where <<a onClick="popup('http://www.biomedcentral.com/1471-2105/7/310/mathml/M2','MathML',630,470);return false;" target="_blank" href="http://www.biomedcentral.com/1471-2105/7/310/mathml/M2">View MathML</a>> is the average random score and <a onClick="popup('http://www.biomedcentral.com/1471-2105/7/310/mathml/M11','MathML',630,470);return false;" target="_blank" href="http://www.biomedcentral.com/1471-2105/7/310/mathml/M11">View MathML</a> its standard deviation (both <<a onClick="popup('http://www.biomedcentral.com/1471-2105/7/310/mathml/M2','MathML',630,470);return false;" target="_blank" href="http://www.biomedcentral.com/1471-2105/7/310/mathml/M2">View MathML</a>> and <a onClick="popup('http://www.biomedcentral.com/1471-2105/7/310/mathml/M11','MathML',630,470);return false;" target="_blank" href="http://www.biomedcentral.com/1471-2105/7/310/mathml/M11">View MathML</a> can be calculated from the pairwise contact function, Sij).

Our criterion for weight optimization has been to maximize the average z-score over the protein dataset. The weight for the shape complementarity term is set arbitrarily to 1 without loss of generality. The search for the best weights is then carried out combinatorially, sampling the parameter space in the form w(k) = 2n with n integer number (-9 ≤ n ≤ 8). In practice, the range of values considered for each term is more limited, e.g. n = 1,..., 8 for the residue conservation component, as one can locate the important region through preliminary searches.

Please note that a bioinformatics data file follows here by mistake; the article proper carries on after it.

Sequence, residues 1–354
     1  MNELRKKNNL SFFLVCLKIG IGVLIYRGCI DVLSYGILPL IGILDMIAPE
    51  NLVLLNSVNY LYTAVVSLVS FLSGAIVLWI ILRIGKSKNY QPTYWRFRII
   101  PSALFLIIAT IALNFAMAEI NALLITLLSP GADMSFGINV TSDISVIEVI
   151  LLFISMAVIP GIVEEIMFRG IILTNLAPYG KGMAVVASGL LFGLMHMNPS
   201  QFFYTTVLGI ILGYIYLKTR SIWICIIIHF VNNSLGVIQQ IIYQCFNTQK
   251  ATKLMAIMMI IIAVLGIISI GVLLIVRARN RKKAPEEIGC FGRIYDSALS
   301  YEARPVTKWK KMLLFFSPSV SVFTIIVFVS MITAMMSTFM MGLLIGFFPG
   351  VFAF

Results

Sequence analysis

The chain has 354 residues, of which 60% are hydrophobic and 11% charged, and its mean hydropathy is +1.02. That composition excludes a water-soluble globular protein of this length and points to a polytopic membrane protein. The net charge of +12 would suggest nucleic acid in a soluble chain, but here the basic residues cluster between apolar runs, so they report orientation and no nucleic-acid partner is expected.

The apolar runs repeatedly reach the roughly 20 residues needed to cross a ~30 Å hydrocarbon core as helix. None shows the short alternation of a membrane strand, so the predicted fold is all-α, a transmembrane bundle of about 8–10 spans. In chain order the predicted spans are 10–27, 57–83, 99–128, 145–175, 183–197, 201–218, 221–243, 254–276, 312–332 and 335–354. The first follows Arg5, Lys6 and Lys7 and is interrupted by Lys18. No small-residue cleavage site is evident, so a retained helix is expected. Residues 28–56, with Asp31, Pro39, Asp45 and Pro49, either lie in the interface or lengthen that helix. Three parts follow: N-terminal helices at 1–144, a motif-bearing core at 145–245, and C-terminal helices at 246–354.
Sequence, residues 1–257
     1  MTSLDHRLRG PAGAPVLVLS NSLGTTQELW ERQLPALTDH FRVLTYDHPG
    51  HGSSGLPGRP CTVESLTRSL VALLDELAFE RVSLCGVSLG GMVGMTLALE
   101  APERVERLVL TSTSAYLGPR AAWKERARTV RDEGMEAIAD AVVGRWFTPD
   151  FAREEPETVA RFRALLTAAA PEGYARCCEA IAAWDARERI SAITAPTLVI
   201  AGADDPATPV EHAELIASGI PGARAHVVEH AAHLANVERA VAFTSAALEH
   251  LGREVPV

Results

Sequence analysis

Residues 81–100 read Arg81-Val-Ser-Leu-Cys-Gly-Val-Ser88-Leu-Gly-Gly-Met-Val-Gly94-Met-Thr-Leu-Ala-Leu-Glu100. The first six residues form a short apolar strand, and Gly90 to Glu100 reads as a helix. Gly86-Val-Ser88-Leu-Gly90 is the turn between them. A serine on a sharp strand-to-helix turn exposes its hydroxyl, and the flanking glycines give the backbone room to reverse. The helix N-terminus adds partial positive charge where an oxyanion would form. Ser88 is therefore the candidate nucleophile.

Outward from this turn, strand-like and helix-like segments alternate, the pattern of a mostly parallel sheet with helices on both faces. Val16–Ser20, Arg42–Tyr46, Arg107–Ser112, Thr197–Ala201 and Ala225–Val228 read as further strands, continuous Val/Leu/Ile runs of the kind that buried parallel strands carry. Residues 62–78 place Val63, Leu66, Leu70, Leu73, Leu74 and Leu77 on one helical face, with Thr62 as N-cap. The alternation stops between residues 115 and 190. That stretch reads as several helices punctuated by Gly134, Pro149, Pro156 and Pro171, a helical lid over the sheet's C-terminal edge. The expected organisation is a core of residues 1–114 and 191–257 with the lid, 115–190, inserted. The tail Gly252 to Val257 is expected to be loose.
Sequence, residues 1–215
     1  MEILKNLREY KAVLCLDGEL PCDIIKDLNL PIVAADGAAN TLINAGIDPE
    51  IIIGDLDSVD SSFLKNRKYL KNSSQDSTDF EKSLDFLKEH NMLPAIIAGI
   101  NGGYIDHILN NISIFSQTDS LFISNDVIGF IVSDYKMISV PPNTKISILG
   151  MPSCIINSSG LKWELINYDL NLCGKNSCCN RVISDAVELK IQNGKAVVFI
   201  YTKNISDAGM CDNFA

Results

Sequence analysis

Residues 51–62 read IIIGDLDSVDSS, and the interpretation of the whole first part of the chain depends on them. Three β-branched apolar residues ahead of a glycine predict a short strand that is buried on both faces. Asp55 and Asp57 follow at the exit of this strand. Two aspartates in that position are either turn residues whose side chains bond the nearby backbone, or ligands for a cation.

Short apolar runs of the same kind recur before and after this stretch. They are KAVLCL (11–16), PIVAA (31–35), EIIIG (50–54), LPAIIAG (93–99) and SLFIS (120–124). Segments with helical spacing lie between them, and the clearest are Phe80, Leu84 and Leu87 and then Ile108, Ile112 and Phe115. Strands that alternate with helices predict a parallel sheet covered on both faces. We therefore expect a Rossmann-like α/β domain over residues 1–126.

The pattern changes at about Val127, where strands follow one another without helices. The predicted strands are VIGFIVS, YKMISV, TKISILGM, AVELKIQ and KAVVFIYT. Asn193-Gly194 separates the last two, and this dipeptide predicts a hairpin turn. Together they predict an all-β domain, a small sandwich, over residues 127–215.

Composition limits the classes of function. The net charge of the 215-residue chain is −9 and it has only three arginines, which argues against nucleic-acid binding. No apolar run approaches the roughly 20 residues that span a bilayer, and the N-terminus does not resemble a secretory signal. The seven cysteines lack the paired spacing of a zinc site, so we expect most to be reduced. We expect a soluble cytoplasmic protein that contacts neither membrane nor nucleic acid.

A leave-one-out cross validation strategy is used. This implies removing one protein from the data set and calculating the optimized weights based on the reduced data set (having 19 proteins). These are then used in the scoring function to predict inter-domain contacts in the selected protein. In Table 4 we list the 20 sets of optimal weights so obtained. The weight for the interface propensity component turns out to be negligible, i.e. w(3) = <a onClick="popup('http://www.biomedcentral.com/1471-2105/7/310/mathml/M12','MathML',630,470);return false;" target="_blank" href="http://www.biomedcentral.com/1471-2105/7/310/mathml/M12">View MathML</a> or <a onClick="popup('http://www.biomedcentral.com/1471-2105/7/310/mathml/M13','MathML',630,470);return false;" target="_blank" href="http://www.biomedcentral.com/1471-2105/7/310/mathml/M13">View MathML</a> and therefore set to zero and not reported.